The statue known as the Apollo Belvedere was once the most famous sculpture in Rome. The statue is thought to be a Roman copy (2nd century CE) of a bronze original by the Greek sculptor Leochares (4th century BCE).
The Apollo Belvedere was part of the collection of Cardinal Giuliano della Rovere. When the cardinal was elected pope, taking the name Julius II (r. 1503-1513), the statue was transferred to the Vatican, where it has remained ever since.
Apollo, god of healing and prophecy, poetry and music (and much else), is depicted as an archer. Although his bow is missing, a fletch of arrows is still clearly visible on his back. He steps forward having just fired an arrow. The contraposto of his body has always been much admired.
The god is entirely naked except for his sandals and a cloak known as a chlamys, which is draped across his left arm. His abundant curly hair is tied at the top of his head by a strophium, a band symbolic of gods and kings.
The Apollo Belvedere had always been greatly admired, but in the 18th century it became the must-see sculpture in Rome when it was praised to the skies by the German art historian, Johann Joachim Wincklemann (1717-68), who described it as "the highest ideal of art among the works of antiquity that have escaped destruction".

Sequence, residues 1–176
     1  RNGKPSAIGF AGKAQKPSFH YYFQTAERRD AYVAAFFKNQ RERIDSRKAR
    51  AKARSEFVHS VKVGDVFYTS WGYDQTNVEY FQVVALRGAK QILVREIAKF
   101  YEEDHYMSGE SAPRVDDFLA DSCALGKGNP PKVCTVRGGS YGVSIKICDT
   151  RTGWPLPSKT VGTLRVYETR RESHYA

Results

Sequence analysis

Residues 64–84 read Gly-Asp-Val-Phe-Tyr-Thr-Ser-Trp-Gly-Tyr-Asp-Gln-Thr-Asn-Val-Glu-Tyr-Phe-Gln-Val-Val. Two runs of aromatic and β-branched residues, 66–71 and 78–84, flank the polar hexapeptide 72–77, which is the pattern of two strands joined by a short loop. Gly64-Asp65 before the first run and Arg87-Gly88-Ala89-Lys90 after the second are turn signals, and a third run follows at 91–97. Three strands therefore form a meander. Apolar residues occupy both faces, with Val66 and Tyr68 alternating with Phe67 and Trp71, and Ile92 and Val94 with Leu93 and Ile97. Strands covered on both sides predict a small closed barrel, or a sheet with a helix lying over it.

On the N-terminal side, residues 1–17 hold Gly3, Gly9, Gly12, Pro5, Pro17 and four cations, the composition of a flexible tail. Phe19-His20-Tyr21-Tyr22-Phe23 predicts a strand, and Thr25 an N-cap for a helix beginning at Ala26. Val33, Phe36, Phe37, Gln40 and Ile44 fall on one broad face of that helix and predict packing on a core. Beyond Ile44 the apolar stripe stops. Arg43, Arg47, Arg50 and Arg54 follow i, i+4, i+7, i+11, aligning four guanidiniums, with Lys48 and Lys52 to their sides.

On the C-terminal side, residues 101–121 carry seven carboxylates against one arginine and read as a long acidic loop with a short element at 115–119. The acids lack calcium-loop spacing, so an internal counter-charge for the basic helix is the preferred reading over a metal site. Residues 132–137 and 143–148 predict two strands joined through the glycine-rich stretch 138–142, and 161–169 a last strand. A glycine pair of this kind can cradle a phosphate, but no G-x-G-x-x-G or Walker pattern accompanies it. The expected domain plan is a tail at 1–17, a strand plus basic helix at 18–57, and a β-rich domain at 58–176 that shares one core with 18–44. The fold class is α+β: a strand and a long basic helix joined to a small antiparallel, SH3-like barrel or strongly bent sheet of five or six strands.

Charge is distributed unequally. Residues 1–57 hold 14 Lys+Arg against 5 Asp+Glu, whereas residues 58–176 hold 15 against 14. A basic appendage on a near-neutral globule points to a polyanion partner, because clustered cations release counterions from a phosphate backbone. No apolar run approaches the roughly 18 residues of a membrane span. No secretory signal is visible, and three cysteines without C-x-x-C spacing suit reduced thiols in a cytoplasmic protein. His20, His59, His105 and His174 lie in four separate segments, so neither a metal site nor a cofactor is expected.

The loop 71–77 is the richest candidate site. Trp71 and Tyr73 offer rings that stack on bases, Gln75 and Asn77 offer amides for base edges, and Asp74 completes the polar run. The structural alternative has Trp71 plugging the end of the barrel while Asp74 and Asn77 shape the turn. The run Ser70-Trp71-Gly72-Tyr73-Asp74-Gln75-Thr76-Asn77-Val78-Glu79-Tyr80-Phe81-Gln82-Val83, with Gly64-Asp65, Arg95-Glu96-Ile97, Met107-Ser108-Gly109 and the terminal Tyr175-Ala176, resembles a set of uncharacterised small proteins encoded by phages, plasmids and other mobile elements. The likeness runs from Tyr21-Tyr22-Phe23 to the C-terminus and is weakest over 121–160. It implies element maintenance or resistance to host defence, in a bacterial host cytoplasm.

The statue sent Wincklemann into rhapsodies of pleasure: "In gazing upon this masterpiece of art, I forget all else, and I myself adopt an elevated stance, in order to be worthy of gazing upon it. My chest seems to expand with veneration and to heave like those I have seen swollen as if by the spirit of prophecy, and I feel myself transported to Delos and to the Lycian groves, places Apollo honoured with his presence—for my figure seems to take on life and movement, like Pygmalion’s beauty."
The lower part of the right arm and the left hand, which were missing when the statue was unearthed, were restored by Giovanni Angelo Montorsoli (1507–1563), a sculptor and pupil of Michelangelo.
My name is David Lown and I am an art historian from Cambridge, England. Since 2001 I have lived in Italy, where I run private walking tours of Rome.
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